Lab 3 Demo
Okay, so I’m going to try and talk through a model solution version of lab three and give you some advice on how to go about this lab. And also how to verify that you got this lab configured and working properly. So the first thing we’re going to do is we’re going to look at our IP address. So I’m going to go to the Edit menu in VMware and then choose virtual network editor. And in the virtual network editor, we’re going to find our NAT network. And we’ll notice that it has a subnet address of
192.168.40.0, yours will probably be similar, but it may have a different third octet right here. It’s usually randomly assigned by VMware when you install it. Mine is dot 40. Yours might be different, so we need to make note of that IP address. The other thing in here we can see is this checkmark the use local DHCP service; once you get done with task four and have your DHCP server running, you’ll want to go in here and uncheck this box, you have to click this change settings button to give it admin access. But then you can uncheck this box to turn off VMware’s DHCP service, so you can use your own. So remember we have
So up here in Ubuntu, we want to set a static IP address in that same range. So in my settings, if I go in here and look at IPv4, you can notice that I’ve set an IP address
192.168.40.41. And the dot 41 is what the assignment says that we’re going to use for our Ubuntu server. We also need to set the gateway. In VMware, it uses a default gateway of dot two inside of your network. The reason it does this is dot one is usually used by your home routers and some other services. And so to avoid any conflicts, VMware has set it to dot two. We also have the netmask of
255.255.255.0. That’s pretty standard. We talked about the lecture. And then you notice that right now I’ve actually set it to refer to itself as a DNS server. Originally in the lab, you’ll probably set this to dot two, so that you still have working internet. But once you get your DNS server working, you can set it to dot 41. So that actually refers to itself for its DNS. So we’ll go ahead and apply this once you apply it, you can turn it off and turn it back on to make sure it’s applied.
This is the only VM in this lab that you need to set a static IP address on. I’ve seen some students try and set static IPs on the Ubuntu and the Windows, you don’t need to do that. For testing of your DNS server, you can set a static DNS entry temporarily. But the idea is by the time you get done with lab three these to your Ubuntu client and your Windows client should both be getting its IP address from the DHCP server on your Ubuntu server.
Okay, so once we have that set, we can confirm our IP address is correct by doing
ip addr show that will show us our IP address. And we’ll notice right here that we see the 40 dot 41 IP address. We also need to keep in mind this
ens33. This is the name of the interface that this is connected on. And so in the DHCP setup, you’ll need to go in and set a file that defines which interfaces to listen on. This is the interface we want to listen on. But for the DNS server, we actually tell it the IP address that we want to listen on. And so we’ll need this IP address in our DNS server configuration.
So once we have our DNS server up and running, we’ll also need to make sure that we allow it through the firewall, I’ll leave that up to you, you can look up what ports you need and how to allow that through the firewall.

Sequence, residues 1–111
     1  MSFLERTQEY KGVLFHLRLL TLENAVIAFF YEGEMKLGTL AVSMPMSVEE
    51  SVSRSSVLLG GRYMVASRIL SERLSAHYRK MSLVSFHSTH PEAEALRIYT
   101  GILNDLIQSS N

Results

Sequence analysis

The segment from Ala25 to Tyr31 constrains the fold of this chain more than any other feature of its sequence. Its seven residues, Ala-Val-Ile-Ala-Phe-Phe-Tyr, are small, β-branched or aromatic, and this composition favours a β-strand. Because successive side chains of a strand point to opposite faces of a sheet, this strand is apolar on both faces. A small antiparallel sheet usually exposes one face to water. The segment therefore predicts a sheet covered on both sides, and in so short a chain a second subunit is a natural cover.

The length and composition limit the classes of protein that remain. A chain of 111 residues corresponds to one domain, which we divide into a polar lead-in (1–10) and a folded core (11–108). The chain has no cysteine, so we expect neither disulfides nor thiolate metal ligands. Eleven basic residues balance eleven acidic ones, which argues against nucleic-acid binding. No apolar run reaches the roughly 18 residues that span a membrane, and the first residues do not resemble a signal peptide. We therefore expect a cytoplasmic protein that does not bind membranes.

But if it’s working, we can use the
dig command followed by an at symbol and the IP address of our system. And so what this does is this tells
dig to ignore any DNS settings we have on our system and query this particular server, and we’re going to query for
ns.cis527russfeld.cs.ksu.edu. And when we do that, we get this response. Here, just to help. Let me put this command back up here again. So I’m doing
dig at the IP address of my server. And you can do this either on the server or on the client. And then I’m giving it the name of a server that I want to look up in our DNS configuration. And so if I run this command, in this answer section, I should get back that this name goes to this IP address, which is correct. So that’s how we look up an entry on our forward zone.
If we went to look up an entry in our reverse zone, instead of doing the name, we do dash x, and then we would put in an IP address, I’m going to put in the IP address
42 which when we do this, it will show our answer section is we’re looking up
220.127.116.11.in-addr.arpa, which is the reverse lookup IP address. And then we are getting our Windows Server back.
So to really check to see if your DNS server is working, those are the two commands you need. You just need to be able to use
dig at your server’s IP address, and then dash x for reverse lookup, or for forward lookup, you just put in a domain name. You can also test your forwarding. If you want to make sure your forwarding is working, I can
dig that server and just look for
www.yahoo.com for example, and I can get responses from that. I can also look up the reverse. If I want to look up a reverse, I can do a reverse for
18.104.22.168 which is one of the OpenDNS resolvers. So this is pretty much confirmed that our DNS server is working on the server.
If you want to check it from one of your clients, you can switch over to your client, and here on the client I can run those exact same commands. So if I do
dig at my server IP address, and this is without setting any static DNS entries, this is just telling
dig to query this IP. And then if I do my address here, then I can run it. And once again, we’re getting that answer. And so this is how you can check, you can test your DNS configuration before you have DHCP working, you don’t have to change anything on your client, you just use the at symbol in your
dig command to tell it to query that particular DNS server for this entry.